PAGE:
, VI Conference of BRICS Initiative of Critical Agrarian Studies

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Chinese finance for Brazilian agribusiness and infrastructure: Early signs of a new era?
Gustavo de L. T. Oliveira

Last modified: 2018-12-13


What are the features of Chinese finance for Brazilian agribusiness and infrastructure? And does it illustrate a transformation of the global geography of finance away from the hegemony of the US dollar and corporations from the Global North? Since China became Brazil’s primary trade partner in 2009, there has certainly been a palpable expansion of Chinese investments in Brazil. Simultaneously, major Chinese commercial banks established subsidiaries in Brazil, partially to finance operations of Chinese companies investing across petroleum, mining, infrastructure, agribusiness, and myriad industrial and commercial sectors. While capital flows and investment announcements are tentatively tracked by think tanks and academics examining Brazil-China relations, there is still a dearth of information about their dynamics and mechanisms, and significant debate about their macroeconomic and geopolitical implications. In this paper, I present the first authoritative account of Chinese finance for Brazilian agribusiness and infrastructure, and advance three interlinked arguments. First, the apparent boom of Chinese policy-bank-managed loans to Brazil has only minimal expression for agribusiness and related infrastructure so far, and high estimates (whether as hopes or fears) of Chinese private equity fund participation in new corporate vehicles for farmland acquisition turned out to be highly overblown. Second, and largely overlooked by academics and think tanks so far, major Chinese commercial banks have established subsidiaries in Brazil, and while their operations are still relatively limited in terms of assets and loans, agribusiness features prominently in their loan portfolios, and they are clearly setting up strategic positions for long-term transformation of Brazil-China economic relations and the global restructuring of agribusiness, financial, and currency markets. Third, and most significantly, I demonstrate how the financialization of agribusiness trading companies, and the role of financial firms in providing not only credit lines and other financial products but also producing strategic information, generates a new agribusiness-finance nexus in which Chinese trading companies and financiers with interlocking strategic information may increasingly outmaneuver competitors from the Global North and Brazil alike, particularly in the acquisition and construction of strategic infrastructures. However, these dynamics also reveal various forms of commercial-financial integration, transnational on-lending, and global-level mergers and acquisitions (M&As) of multinational companies that complicate standard characterization of both finance as a sector, and the supposedly national character of particular institutions and capital flows. These are certainly early signs of a new global geography of finance, agribusiness, and related infrastructure. But at the same time, Chinese finance for Brazilian agribusiness and infrastructure is evidently not taking place through new forms of South-South cooperation. Rather, it effectively operating as a mechanism through which Chinese financial firms become incorporated into a global capitalist regime still dominated by the Global North. Nonetheless, their incorporation provides conditions for a state-driven effort to internationalize the renminbi in the long term, and challenge the Global North’s hegemony in finance, agribusiness, and strategic infrastructure.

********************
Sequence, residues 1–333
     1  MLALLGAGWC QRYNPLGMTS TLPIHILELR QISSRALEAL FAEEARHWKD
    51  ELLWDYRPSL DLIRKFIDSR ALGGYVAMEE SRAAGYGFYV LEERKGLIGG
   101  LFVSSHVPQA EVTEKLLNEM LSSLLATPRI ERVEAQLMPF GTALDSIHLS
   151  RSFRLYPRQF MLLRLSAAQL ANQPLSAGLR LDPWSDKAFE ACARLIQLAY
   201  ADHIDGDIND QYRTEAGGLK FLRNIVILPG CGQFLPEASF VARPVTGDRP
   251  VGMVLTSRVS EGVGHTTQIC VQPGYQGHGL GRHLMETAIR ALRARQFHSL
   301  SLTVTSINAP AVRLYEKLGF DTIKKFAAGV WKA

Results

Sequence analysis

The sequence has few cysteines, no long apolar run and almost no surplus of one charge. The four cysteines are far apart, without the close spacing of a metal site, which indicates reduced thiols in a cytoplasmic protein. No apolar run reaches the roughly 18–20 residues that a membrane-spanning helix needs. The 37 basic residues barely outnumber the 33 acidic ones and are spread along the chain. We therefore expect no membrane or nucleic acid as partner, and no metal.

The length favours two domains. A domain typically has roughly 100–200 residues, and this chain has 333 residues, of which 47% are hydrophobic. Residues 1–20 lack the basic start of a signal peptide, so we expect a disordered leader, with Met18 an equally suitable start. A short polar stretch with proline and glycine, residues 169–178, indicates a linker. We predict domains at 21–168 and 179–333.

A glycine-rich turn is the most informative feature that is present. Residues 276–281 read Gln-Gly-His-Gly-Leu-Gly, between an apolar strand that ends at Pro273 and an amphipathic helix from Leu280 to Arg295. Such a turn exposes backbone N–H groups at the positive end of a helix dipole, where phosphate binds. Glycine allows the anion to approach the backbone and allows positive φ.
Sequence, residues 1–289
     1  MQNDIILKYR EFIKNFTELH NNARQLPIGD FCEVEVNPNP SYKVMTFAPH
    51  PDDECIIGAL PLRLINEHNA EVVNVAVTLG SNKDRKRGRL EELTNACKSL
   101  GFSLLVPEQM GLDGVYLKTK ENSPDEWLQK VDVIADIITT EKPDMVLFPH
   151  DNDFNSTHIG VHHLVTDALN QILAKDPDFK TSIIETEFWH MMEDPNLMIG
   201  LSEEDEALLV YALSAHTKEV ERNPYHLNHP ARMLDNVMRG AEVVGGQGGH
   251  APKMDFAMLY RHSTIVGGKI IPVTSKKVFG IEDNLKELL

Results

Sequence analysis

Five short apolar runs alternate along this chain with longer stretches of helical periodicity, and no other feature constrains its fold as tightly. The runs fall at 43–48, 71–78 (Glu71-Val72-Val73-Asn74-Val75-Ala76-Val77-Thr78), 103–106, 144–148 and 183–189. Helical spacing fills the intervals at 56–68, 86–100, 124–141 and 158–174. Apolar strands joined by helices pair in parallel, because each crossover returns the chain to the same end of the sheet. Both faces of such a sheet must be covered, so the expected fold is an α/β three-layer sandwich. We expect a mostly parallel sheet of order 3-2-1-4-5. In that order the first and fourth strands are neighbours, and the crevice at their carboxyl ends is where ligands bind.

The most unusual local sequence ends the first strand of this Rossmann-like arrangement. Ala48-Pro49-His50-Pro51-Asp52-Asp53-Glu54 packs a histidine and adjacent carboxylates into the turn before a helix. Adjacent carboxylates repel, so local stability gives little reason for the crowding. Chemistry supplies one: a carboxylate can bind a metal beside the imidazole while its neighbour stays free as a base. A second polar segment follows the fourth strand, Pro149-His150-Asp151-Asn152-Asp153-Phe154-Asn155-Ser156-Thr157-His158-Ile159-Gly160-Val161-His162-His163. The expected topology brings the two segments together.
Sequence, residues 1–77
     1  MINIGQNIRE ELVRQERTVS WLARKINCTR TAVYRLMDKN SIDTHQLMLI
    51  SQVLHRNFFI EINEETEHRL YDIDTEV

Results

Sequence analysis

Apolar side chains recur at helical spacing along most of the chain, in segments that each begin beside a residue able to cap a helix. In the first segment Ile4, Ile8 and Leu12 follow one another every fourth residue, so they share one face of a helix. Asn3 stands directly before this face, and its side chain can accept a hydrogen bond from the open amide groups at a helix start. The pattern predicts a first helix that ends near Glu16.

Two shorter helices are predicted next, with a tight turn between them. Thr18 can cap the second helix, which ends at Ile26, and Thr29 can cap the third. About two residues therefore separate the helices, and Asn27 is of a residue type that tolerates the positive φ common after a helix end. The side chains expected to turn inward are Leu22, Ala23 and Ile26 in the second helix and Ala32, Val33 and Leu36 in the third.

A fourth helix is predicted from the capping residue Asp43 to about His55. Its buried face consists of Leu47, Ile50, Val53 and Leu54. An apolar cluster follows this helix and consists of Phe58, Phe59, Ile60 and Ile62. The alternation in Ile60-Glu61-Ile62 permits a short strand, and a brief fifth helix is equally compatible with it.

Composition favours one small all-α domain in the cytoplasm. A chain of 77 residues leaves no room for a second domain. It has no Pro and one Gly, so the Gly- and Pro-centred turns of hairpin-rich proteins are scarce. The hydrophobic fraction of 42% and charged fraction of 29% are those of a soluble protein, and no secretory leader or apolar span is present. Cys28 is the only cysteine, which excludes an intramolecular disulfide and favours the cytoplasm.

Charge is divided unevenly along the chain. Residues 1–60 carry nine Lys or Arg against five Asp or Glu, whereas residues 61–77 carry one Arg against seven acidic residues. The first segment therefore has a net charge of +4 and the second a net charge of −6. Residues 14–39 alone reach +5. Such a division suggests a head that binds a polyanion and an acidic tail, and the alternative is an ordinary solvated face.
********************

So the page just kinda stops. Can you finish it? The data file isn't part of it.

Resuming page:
Brazil, China, BRICS, finance, agribusiness, infrastructure, geopolitics, globalization

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